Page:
Good Communication Skills Lead to Success

in Small-business

Good communication is always a challenge whether you're on the phone, having lunch with a customer, or presenting to a large group of people. Your issue is that much of your business success depends on your skills as a good communicator. The more clear and precise your message, the better it will be understood by your potential customers. The better your communication skills the more your customers will refer your business or service to others.

Many people in business make three major mistakes when they talk to other people. First, they talk too much.

We have all found ourselves in that situation, over eager, self-absorbed, running off at the mouth. Talking too much is often nothing more than a sign of nerves. You meet a customer for the first time and you are worried you will not be able to tell her all the wonderful things about your business that she should know.

The simplest way to know when you're talking too much is to look at the body language of the other person. If she is avoiding eye contact, yawning, looking around, or better yet, looking at her watch, you know it's either time to change the subject or for you to stop talking. Think of always asking your customer about her business.

Tell me about your business. See what her response will be. Then just listen and relax. This will also let the customer know that you are genuinely interested in her and you are not only meeting with her to sell her something. Listening to her answers will also give you a better idea about what's important to her and how much better you can target her wants and needs.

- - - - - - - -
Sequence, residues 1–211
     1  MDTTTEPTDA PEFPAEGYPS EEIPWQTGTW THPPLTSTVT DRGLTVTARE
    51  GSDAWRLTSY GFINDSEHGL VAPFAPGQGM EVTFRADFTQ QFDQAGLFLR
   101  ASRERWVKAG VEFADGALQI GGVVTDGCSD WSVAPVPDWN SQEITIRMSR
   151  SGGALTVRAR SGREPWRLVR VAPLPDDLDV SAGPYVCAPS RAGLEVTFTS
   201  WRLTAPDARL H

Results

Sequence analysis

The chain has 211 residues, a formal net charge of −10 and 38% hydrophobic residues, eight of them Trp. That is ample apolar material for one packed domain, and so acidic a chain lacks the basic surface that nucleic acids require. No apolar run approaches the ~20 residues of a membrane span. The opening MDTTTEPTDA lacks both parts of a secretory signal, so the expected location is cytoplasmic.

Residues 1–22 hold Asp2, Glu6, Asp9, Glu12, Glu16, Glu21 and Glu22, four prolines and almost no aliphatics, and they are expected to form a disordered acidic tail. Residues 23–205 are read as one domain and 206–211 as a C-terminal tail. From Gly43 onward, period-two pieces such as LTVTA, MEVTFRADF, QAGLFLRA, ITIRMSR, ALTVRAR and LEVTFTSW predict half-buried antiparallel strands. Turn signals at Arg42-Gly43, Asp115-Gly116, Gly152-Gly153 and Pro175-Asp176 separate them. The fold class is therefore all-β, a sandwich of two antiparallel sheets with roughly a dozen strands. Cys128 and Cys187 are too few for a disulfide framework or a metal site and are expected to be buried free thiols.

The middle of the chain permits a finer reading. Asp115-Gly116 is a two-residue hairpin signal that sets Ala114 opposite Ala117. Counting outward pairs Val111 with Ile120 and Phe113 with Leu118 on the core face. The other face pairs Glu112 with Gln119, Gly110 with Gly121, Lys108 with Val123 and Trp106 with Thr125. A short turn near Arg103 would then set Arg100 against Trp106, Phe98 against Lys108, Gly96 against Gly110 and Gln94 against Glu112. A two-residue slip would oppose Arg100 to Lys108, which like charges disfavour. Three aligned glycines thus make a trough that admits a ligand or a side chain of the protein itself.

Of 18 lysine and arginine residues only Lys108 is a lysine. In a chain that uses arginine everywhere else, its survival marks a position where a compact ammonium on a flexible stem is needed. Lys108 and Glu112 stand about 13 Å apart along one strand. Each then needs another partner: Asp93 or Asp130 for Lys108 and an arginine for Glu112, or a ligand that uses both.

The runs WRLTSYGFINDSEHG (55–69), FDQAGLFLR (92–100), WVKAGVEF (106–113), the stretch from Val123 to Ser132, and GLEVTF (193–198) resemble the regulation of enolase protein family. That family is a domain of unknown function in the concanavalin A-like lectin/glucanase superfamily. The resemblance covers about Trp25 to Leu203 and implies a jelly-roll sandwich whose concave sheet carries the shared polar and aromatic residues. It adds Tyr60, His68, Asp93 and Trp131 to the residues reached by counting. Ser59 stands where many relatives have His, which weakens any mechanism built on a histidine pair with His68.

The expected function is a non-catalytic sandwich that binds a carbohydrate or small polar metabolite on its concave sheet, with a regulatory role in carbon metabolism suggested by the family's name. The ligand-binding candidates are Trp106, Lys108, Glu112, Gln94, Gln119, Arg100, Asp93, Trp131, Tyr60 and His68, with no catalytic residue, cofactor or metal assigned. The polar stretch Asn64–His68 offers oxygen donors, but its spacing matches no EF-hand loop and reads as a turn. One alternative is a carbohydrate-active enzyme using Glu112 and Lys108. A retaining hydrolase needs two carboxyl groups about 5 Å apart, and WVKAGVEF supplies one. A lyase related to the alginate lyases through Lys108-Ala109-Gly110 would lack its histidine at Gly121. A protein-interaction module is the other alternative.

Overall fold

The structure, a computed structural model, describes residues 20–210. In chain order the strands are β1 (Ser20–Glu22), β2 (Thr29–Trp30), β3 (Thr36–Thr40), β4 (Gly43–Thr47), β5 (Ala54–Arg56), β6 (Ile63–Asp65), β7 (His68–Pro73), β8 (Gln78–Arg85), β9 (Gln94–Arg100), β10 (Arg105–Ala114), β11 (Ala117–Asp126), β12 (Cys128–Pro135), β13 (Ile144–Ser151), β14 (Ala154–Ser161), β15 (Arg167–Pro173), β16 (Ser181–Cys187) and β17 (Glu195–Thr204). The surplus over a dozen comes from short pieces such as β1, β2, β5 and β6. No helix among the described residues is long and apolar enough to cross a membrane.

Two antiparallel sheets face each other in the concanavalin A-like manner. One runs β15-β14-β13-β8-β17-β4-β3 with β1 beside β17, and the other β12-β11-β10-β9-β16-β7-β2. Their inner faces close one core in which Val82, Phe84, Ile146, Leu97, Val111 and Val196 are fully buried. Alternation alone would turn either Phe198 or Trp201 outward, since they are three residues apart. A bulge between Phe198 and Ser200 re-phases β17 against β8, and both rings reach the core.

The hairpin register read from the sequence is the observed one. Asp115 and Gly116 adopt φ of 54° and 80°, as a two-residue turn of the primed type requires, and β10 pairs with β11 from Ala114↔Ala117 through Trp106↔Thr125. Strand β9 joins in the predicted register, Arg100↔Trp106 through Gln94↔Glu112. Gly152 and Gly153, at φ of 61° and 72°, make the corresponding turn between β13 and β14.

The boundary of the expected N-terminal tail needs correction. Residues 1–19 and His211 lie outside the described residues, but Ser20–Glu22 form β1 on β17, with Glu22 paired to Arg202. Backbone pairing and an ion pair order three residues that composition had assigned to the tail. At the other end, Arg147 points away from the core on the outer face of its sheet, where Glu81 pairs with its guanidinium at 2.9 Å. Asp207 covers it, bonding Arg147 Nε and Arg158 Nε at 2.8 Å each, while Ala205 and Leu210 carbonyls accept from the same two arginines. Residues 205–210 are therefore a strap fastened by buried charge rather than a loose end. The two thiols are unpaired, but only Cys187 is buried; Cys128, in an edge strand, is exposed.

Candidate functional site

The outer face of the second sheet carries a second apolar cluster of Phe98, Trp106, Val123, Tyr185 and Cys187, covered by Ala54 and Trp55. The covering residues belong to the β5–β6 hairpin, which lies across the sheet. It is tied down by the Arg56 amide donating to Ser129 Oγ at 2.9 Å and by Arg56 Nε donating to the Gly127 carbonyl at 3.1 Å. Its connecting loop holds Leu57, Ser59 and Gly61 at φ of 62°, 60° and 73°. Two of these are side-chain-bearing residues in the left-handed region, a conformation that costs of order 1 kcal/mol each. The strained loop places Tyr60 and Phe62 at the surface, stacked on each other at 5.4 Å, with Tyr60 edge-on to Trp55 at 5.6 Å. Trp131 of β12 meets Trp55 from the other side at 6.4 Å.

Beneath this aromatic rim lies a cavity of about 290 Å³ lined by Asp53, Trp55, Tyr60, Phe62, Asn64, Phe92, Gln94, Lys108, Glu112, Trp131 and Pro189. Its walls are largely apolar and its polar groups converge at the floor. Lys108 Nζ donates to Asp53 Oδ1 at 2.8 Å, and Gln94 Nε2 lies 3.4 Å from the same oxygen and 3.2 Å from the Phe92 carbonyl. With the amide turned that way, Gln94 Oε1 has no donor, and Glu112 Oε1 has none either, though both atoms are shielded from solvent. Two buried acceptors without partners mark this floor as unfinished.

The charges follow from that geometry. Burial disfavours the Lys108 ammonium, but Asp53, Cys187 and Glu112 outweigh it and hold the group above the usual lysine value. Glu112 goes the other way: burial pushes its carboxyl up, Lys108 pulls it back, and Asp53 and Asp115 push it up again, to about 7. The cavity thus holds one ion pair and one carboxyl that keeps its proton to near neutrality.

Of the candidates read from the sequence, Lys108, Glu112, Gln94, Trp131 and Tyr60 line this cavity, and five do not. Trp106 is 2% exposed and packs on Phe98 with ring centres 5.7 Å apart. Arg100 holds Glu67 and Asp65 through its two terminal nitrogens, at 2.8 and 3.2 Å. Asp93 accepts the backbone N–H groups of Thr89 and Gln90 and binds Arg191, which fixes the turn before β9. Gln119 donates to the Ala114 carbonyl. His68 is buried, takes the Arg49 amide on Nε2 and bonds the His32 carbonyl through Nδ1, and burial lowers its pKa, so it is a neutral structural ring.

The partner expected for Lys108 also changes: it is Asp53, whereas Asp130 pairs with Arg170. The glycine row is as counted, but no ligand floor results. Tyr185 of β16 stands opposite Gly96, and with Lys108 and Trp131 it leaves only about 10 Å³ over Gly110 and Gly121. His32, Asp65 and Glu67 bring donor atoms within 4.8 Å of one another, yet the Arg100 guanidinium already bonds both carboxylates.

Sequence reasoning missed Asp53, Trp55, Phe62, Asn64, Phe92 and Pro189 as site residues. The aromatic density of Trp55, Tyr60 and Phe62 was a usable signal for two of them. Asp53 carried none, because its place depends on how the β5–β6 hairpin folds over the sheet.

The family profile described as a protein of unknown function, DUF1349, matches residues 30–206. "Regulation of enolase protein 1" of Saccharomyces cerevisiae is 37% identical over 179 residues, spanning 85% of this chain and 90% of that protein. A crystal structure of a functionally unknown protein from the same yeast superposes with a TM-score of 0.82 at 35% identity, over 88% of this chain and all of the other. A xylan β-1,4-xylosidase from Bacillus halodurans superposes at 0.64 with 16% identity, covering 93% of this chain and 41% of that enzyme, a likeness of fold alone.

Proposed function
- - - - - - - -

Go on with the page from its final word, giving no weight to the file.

The second mistake in communication is using what I call technobabble. You are using your business technology language or research terms or retail gobbilygook in the conversation and your customer has no clue what you're discussing. It's a common error because we all know our industry so well that we tend to speak in its jargon.

Simplify your language so others can relate to it.

The final error we make is being too general when we make a request. Most realtors, for example, ask if you know anyone who is looking to buy or sell a home. That statement will probably go in one ear and out the other. It's just not important enough and doesn't conjure up an image.

On the other hand, if the realtor ask for people who want to sell their homes because they are downsizing, several people might come to mind. The more specific you are, the more clues you leave in the listener's mind.

Good communication comes with practice. Keep these three errors in mind and practice communicating a better way.

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Ruthan Brodsky has 1 articles online

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Good Communication Skills Lead to Success

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This article was published on 2010/03/30